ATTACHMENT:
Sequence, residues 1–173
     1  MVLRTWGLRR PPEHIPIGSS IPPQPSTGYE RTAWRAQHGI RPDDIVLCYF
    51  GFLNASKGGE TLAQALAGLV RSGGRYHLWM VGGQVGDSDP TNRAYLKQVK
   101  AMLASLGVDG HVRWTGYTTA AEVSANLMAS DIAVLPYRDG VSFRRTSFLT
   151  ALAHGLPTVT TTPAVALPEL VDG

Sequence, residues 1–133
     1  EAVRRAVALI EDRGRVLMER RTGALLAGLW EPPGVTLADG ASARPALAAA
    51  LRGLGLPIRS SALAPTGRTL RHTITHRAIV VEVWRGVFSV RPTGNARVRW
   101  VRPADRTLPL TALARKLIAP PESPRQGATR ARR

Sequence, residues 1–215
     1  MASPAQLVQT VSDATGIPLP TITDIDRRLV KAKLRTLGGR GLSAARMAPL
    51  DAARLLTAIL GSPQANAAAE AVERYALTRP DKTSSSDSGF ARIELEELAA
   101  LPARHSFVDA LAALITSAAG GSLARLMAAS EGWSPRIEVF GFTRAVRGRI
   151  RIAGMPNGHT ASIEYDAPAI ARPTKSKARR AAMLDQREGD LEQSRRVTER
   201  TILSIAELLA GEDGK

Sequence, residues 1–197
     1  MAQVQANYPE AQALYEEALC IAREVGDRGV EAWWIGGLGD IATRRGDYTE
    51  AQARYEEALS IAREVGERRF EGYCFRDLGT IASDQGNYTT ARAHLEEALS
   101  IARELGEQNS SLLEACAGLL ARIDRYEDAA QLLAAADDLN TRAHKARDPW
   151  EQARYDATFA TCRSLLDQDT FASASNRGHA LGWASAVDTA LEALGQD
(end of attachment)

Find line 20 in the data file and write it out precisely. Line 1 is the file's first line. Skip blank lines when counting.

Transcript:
   151  EQARYDATFA TCRSLLDQDT FASASNRGHA LGWASAVDTA LEALGQD